City of Brotherly Love and City of Food: Philadelphia, USA

Few cities and dishes lay claim to one another in the way that Philadelphia and the cheesesteak do. But don’t think that because it shares a special connection with a sandwich stuffed with steak smothered in cheese that Philly’s a one-dish wonder.

Alongside all the world-class fine-dining restaurants, quaint bistros and friendly cafes you’d expect of a big city, Philadelphia’s got a thriving foodie scene.

Here are a few spots to get your eat on in the City of Brotherly Love.

Guapos tacos food truck by Iron Chef Jose Garces

Guapos tacos food truck by Iron Chef Jose Garces, Philadelphia. Photo by katerha

Food Trucks are a phenomenon that has really taken a hold of Philly. Even former Iron Chef Jose Garces runs one in the city. The website chowspotter.com keeps tabs on the schedules of more than 50 trucks, showing where and when you can locate them.

Night Markets  are one of the best ways to experience Philadelphia’s food truck scene. Essentially, on selected nights of the year a number of trucks park in predetermined locations, creating a kind of street food circus. Check the website for times and locations.

Reading Terminal Market, Philadelphia

Reading Terminal Market, Philadelphia. Photo by USDAgov

Philadelphia’s historic markets are another great way to explore its culinary cool. Reading Terminal Market has been supplying the city with local fresh produce for 120 years. The 1.7 acres of indoor bazaar are home to more than 80 vendors selling tons of goodies, such as fresh juices, meats, seafood, vegetables and fruit. Interestingly, you can find a few goods farmed and made by the nearby Amish community.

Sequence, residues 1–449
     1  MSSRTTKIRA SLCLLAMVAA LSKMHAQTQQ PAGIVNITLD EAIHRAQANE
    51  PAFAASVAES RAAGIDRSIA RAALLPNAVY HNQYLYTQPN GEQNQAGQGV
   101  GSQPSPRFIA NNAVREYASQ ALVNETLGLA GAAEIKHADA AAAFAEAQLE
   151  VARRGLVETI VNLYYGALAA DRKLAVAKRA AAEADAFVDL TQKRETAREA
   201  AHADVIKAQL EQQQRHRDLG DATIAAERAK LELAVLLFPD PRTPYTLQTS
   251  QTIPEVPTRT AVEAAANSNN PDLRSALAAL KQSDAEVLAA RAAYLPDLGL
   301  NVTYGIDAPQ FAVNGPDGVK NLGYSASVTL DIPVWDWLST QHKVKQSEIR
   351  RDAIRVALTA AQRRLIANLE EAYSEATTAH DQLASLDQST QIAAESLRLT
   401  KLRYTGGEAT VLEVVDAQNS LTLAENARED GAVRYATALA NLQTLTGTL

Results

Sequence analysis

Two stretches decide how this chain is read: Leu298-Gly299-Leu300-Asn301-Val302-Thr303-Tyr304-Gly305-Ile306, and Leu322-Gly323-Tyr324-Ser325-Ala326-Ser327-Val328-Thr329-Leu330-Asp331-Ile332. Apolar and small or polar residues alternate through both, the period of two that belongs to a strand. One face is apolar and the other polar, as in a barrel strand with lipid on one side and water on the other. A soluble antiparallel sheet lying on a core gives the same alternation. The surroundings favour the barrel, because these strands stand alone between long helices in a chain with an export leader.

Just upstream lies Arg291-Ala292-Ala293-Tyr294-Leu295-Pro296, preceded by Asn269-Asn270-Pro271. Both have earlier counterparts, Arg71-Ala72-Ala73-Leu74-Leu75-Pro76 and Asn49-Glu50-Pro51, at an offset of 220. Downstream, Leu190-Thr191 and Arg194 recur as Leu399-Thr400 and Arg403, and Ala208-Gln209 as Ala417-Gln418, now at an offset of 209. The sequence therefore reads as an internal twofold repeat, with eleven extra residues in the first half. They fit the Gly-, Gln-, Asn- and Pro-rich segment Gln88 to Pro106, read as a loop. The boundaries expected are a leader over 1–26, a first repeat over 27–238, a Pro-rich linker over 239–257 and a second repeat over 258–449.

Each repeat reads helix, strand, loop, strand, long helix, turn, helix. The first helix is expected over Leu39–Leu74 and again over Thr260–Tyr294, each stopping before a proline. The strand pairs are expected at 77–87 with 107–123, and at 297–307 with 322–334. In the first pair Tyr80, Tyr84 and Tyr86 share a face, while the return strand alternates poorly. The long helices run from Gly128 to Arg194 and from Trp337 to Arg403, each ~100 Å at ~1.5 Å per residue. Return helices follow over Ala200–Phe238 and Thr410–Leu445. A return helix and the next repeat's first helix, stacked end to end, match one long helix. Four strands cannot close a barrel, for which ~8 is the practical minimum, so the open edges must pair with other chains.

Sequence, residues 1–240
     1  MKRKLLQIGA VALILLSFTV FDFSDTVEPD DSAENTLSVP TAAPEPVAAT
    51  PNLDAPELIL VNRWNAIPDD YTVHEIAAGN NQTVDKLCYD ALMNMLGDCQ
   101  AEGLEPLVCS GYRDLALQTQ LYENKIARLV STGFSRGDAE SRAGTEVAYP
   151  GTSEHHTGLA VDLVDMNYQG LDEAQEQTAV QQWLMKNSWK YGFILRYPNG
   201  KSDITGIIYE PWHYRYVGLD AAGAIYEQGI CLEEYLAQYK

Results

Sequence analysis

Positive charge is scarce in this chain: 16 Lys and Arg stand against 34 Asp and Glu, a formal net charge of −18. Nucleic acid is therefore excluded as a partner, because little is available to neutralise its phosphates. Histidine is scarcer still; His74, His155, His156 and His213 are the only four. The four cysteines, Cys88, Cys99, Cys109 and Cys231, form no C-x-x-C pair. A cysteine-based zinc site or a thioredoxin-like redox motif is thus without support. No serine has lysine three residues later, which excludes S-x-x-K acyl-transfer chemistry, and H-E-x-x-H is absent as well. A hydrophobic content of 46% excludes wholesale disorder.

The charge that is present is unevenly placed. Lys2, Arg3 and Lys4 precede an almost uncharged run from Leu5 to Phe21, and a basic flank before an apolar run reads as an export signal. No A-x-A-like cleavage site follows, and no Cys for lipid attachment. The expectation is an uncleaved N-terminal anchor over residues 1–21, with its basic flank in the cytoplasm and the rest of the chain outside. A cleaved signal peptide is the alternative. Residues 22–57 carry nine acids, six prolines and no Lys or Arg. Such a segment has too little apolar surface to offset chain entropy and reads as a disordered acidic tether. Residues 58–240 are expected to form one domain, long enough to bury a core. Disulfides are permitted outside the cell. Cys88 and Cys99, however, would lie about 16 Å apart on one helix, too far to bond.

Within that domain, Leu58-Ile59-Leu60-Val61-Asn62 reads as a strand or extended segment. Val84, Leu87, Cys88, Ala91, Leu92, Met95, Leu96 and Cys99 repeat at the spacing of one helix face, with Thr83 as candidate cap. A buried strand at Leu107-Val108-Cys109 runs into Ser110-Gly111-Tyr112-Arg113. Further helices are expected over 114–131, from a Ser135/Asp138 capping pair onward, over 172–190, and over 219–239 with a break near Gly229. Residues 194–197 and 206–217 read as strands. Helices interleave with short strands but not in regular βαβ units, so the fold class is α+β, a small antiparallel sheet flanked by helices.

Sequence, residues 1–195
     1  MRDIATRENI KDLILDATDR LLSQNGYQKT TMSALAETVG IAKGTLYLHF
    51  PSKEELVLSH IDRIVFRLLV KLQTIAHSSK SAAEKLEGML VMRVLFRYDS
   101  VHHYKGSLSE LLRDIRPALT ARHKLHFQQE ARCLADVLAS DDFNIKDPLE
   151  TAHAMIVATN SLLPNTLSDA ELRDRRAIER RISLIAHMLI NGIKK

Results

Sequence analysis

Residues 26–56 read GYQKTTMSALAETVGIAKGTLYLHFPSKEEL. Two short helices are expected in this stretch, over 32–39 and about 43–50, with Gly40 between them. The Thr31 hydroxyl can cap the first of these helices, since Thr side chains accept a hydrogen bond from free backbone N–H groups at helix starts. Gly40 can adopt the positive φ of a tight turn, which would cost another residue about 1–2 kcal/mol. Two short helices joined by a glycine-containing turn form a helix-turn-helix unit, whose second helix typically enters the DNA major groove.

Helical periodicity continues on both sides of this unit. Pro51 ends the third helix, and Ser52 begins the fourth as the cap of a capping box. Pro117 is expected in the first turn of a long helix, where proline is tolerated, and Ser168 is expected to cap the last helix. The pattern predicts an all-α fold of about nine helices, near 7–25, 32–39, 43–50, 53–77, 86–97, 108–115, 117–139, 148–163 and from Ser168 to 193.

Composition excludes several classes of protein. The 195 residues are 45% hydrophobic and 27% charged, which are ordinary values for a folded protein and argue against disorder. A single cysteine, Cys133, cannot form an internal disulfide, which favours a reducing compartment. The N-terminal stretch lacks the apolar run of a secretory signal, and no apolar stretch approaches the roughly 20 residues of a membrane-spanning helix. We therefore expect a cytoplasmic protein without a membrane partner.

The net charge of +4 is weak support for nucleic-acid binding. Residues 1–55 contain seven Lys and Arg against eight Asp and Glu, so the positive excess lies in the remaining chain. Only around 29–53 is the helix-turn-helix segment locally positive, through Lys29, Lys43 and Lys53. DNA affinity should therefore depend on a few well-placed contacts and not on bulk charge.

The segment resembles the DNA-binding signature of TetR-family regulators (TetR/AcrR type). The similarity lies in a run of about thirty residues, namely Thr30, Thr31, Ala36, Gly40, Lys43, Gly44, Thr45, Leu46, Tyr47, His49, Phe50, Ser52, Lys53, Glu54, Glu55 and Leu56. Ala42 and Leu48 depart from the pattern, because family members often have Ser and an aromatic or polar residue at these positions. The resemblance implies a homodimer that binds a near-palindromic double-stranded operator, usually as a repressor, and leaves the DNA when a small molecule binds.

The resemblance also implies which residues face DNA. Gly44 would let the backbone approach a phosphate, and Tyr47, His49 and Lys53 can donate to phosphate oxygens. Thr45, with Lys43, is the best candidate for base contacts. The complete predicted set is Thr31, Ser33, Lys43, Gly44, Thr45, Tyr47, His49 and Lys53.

9th Street Italian Market, Philadelphia

9th Street Italian Market. Photo by amy.gizienski

A good alternative is 9th Street Italian Market . Dating back to the 1880s, this was formerly a traditional market of the likes of Reading Terminal. Today, its Mexican and Asian offerings are a reflection of the city’s increasingly diverse communities.

Yuengling beer, Philadelphia

Stanley Clockwork’s beer bottle clock made out of Yuengling beer bottles in the hall on the way to Terminal A, Philadelphia International Airport. Photo by waitscm

In 1840, Philadelphia’s John Wagner became the first person to brew beer in the States. Since then, brewing has always remained close to Philly’s heart. Nowadays the city’s home to dozens of microbreweries and major national brands such as Yuengling, Yards and Triumph, all of which are enjoyed in the 400 bars found throughout the city.

One of the best is McGillin’s Olde Ale House. The beer taps have been flowing here since 1860, making it the oldest continuously operating tavern in Philadelphia and one of the oldest taverns in the country.

Written by insider city guide series Hg2 | A Hedonist’s guide to…

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